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LMC 2018

Geography and Threat: Should NATO Mind the East/South Gap?

NATO faces risks to its east and to its south. To the east, Russia continues its military build-up and looks for opportunities to confront Western cohesion. To the south, instability and conflict bring the challenges of migration and terrorism to our borders. NATO’s recent summits in Wales and Warsaw have focused largely on those risks emanating from the east. But the individual Allies’ geographical location and strategic culture inevitably shape their perceptions of where and how NATO should deploy its scarce resources. Is there more still to be done on the eastern flank, or should NATO now turn greater attention to the south? Where should the balance of attention and means lie? Can the differing perspectives of the Allies be reconciled and single strategic approach found? Does NATO need a new Strategic Concept?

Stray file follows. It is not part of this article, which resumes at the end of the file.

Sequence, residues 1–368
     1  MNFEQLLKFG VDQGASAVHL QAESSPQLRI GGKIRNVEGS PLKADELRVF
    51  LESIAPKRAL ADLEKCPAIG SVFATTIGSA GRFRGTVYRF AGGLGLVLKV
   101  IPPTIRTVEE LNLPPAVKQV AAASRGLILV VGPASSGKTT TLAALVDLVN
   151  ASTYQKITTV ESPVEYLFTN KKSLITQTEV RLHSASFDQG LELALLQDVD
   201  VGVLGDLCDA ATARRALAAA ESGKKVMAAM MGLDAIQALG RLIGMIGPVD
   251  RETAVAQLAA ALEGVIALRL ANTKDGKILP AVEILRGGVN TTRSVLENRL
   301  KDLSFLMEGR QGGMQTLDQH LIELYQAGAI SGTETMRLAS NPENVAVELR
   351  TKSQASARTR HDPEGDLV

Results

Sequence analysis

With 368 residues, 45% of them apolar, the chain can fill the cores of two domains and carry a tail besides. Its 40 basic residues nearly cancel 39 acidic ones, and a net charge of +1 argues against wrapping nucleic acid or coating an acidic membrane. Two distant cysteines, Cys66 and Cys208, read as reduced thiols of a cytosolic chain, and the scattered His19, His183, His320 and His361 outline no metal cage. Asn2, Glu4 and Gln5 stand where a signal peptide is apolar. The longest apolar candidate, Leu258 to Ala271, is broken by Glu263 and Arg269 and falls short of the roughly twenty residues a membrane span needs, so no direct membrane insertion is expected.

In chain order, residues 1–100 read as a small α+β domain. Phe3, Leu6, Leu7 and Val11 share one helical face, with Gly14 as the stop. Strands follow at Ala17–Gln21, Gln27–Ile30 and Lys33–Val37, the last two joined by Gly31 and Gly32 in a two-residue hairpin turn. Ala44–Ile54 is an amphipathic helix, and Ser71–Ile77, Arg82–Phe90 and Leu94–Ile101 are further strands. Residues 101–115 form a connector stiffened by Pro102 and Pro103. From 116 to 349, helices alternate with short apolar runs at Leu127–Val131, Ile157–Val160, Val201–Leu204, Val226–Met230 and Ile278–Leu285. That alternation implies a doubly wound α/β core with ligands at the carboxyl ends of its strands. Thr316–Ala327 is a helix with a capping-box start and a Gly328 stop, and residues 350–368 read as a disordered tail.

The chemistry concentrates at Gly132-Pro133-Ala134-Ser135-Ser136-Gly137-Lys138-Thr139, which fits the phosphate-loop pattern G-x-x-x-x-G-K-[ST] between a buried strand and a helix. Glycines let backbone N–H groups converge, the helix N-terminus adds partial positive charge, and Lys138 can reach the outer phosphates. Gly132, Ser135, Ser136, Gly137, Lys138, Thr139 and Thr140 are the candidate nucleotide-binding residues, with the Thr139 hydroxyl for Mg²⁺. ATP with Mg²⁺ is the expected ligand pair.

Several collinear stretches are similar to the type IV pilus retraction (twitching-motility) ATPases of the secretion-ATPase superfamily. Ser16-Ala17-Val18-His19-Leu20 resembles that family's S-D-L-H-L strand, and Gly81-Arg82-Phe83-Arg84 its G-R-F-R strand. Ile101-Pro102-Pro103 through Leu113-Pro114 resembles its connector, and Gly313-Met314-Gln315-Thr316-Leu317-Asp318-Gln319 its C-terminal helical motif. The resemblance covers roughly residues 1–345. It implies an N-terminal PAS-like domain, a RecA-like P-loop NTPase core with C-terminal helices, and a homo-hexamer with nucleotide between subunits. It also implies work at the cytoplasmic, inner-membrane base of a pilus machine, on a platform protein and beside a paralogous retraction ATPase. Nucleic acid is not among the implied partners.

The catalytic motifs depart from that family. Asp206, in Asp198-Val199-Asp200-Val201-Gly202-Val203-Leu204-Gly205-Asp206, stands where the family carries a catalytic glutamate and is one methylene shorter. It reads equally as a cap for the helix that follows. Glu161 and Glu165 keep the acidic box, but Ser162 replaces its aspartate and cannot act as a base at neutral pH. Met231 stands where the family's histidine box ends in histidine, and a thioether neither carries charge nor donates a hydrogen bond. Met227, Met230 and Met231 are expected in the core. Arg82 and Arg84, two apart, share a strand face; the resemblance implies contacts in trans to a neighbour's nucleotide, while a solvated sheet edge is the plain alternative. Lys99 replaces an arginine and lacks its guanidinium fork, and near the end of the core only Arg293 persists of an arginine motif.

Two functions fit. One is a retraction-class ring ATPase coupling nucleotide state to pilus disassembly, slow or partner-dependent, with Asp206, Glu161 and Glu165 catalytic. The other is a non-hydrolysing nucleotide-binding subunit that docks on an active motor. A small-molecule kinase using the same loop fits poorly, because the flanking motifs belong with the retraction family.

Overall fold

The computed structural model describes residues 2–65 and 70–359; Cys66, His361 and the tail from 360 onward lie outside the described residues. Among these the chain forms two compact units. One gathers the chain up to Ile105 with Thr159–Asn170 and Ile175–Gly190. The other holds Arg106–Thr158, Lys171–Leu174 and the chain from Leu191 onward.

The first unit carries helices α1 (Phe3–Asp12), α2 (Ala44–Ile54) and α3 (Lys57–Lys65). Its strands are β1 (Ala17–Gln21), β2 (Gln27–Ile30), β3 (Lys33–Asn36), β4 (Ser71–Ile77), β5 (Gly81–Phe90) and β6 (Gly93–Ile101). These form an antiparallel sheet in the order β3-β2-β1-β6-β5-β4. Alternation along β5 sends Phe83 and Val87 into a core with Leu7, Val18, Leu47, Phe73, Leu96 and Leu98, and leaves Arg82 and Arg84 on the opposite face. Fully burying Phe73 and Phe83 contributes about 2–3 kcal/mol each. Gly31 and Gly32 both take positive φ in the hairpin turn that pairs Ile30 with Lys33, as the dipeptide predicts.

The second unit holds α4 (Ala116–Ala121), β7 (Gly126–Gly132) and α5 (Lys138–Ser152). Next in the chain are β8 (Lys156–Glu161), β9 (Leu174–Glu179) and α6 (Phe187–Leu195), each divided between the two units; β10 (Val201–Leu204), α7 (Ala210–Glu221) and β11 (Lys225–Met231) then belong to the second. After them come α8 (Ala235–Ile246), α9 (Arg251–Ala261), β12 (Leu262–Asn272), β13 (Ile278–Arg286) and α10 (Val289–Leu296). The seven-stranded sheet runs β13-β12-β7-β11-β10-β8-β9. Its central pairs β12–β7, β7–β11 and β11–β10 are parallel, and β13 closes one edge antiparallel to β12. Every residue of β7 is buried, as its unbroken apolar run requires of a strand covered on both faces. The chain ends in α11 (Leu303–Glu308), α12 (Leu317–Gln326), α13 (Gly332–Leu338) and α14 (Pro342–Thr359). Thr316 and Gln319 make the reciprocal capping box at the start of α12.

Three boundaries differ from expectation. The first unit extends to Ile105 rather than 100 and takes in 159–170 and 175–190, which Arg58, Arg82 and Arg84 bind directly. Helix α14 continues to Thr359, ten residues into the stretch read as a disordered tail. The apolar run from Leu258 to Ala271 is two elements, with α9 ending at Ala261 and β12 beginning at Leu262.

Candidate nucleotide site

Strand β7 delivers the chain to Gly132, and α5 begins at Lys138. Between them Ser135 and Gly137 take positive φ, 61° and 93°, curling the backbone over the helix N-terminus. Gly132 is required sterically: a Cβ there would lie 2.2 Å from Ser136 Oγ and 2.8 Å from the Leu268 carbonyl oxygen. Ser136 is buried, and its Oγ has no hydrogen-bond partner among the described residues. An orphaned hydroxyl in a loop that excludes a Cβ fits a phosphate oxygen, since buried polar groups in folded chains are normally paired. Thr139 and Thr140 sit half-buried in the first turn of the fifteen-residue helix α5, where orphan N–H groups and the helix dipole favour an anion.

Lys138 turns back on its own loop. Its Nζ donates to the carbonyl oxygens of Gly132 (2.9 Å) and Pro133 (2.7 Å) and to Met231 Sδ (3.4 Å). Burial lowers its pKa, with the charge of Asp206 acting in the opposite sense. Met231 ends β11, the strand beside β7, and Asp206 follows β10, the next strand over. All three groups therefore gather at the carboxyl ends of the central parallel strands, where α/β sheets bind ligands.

José Alberto Azeredo Lopes
José Alberto Azeredo Lopes

Minister of Defence, Portugal

Jüri Luik

Permanent Representative of Estonia to NATO

David Pendall
David Pendall

Deputy Chief of Staff, US Army Europe

Claudia Major

Head of International Security Division, German Institute for International and Security Affairs


Constanze Stelzenmüller

Fritz Stern Chair on Germany and trans-Atlantic Relations and Senior Fellow, Brookings Institution

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